According to the American Academy of family physicians, stuttering can stem from a biological and neurological condition that can lead to insecurity, isolation, and challenges with relationships, school and work. For successful professional athletes and celebrities from Bill Walton to Tiger Woods, Wilt Chamberlain to Bo Jackson, winning has meant learning how to leverage personal growth despite speech challenges.
Beach, who was raised in Washington State, began riding at the age of 3, destined to follow in the footsteps of his dad, a racer who fostered JD’s competitive spirit. Cutting his teeth in the grueling sport of motorcycle racing JD didn’t have the experience of playing team sports as a kid, completing traditional school only up through eighth grade, followed by independent studies for a high school graduation certificate.
Guiding young JD toward racing, a sport where he would excel, was a lucky stroke of fate or parental wisdom, as being a solitary competitor suits him well. It was not until he became an adult that JD had ever met anyone else who stuttered. Looking back he said, “for me, racing was something I could do where it didn’t matter. When we’re all on the line ready to go racing, we’re all the same.”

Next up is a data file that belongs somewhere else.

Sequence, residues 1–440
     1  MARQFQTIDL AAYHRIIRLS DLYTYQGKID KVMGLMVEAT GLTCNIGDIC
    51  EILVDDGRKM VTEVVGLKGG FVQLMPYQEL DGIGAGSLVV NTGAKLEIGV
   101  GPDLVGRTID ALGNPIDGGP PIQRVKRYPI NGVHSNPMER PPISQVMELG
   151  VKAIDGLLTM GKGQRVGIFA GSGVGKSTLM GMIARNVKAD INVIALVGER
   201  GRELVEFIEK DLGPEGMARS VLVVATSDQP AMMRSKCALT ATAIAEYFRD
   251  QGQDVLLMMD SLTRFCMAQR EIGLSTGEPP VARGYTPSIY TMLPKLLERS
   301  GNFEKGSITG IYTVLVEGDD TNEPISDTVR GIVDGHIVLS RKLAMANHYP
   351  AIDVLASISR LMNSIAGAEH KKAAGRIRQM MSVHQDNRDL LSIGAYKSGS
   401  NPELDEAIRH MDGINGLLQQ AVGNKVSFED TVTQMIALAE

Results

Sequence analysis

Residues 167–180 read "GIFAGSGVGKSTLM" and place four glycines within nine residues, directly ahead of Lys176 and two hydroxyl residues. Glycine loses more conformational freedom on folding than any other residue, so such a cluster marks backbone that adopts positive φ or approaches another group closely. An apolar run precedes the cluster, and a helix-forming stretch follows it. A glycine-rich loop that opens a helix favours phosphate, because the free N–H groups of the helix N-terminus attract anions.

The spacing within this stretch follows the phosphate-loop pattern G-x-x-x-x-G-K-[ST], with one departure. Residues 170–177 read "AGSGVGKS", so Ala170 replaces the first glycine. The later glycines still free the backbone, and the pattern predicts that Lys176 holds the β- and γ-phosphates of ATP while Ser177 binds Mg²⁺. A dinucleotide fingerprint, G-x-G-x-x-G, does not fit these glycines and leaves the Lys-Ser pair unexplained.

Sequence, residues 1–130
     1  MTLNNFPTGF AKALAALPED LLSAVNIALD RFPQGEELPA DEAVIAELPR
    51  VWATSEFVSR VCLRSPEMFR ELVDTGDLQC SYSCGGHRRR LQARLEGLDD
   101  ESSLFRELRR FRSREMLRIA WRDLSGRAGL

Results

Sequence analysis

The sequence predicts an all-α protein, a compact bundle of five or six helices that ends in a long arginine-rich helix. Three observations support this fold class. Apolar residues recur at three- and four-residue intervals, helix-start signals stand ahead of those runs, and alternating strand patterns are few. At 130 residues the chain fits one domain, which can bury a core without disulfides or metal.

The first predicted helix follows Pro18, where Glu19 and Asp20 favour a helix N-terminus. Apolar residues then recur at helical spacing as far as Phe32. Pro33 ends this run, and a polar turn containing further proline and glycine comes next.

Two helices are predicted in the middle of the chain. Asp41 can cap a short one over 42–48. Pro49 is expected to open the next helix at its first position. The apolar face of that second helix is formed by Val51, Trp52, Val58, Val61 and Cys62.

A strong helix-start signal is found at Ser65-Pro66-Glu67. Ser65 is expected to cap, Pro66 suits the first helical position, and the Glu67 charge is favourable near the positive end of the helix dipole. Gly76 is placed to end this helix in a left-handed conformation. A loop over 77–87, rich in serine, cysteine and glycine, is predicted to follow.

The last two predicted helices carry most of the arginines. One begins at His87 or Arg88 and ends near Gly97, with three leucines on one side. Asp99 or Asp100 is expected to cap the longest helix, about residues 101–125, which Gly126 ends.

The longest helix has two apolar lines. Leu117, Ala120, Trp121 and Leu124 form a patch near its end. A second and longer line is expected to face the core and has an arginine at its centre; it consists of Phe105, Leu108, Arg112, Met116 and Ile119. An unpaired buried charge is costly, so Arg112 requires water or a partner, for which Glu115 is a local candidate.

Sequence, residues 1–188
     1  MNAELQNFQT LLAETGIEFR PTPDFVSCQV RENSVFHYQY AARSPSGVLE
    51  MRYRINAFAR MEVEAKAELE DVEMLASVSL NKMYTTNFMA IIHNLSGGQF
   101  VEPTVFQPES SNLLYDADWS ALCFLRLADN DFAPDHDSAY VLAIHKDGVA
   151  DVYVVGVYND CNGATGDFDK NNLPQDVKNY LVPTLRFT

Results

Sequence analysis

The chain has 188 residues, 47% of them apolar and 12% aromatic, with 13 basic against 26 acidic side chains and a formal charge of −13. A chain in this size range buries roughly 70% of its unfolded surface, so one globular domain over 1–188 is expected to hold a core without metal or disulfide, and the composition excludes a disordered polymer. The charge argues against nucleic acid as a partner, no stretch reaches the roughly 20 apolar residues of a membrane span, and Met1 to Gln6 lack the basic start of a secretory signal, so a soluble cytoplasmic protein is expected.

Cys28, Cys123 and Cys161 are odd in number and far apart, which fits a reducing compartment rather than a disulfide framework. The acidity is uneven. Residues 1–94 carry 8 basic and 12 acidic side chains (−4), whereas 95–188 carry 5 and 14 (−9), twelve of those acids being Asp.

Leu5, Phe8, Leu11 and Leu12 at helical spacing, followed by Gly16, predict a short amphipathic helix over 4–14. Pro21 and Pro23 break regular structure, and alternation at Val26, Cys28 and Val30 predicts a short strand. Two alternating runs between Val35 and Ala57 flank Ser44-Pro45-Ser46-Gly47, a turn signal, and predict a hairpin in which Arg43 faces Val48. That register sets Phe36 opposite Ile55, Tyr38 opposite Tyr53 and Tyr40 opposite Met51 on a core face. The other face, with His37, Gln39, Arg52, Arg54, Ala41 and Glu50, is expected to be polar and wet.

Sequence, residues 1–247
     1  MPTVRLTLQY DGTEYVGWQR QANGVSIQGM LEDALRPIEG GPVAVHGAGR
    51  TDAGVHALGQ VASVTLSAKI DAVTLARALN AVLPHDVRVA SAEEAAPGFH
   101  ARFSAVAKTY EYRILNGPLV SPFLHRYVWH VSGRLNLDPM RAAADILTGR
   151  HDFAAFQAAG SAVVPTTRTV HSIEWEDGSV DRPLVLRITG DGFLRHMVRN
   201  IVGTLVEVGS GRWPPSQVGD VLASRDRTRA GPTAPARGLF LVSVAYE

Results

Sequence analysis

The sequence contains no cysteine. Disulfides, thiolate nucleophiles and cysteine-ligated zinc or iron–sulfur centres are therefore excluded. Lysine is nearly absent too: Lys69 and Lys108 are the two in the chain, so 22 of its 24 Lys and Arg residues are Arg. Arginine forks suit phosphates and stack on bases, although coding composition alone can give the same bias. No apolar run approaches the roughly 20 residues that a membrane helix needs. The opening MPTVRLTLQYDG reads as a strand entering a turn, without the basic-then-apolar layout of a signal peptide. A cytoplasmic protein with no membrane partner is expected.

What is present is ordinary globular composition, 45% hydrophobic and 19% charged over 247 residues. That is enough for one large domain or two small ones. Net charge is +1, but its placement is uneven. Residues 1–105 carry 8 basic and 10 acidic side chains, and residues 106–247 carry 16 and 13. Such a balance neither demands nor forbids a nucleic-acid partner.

Racing has transformed JD’s vulnerability to a strength, helping him rack up some impressive wins since 2008, when he spent a couple years in European road racing as the first American earning top honors in the Red Bull MotoGP Rookies Cup Championship. On his path to American pro Sport Bike 600 class, and Moto America Road Racing, he has cultivated fans and major sponsorships.
As a member of the Estensen Racing Team, supported by the Yamaha factory, Beach scored his first Grand National American Flat Track win, back to back with his first career Moto America Superbike asphalt victory in 2019. This accomplishment made him the first rider to top the podium during the same season of both disciplines (dirt track and road) since the late Nicky Hayden, champion of World Grand Prix road racing fame and an idol to Beach, did it back in 2002. The legendary Kenny Roberts was the last rider to accomplish that feat on back-to-back weekends, in 1975.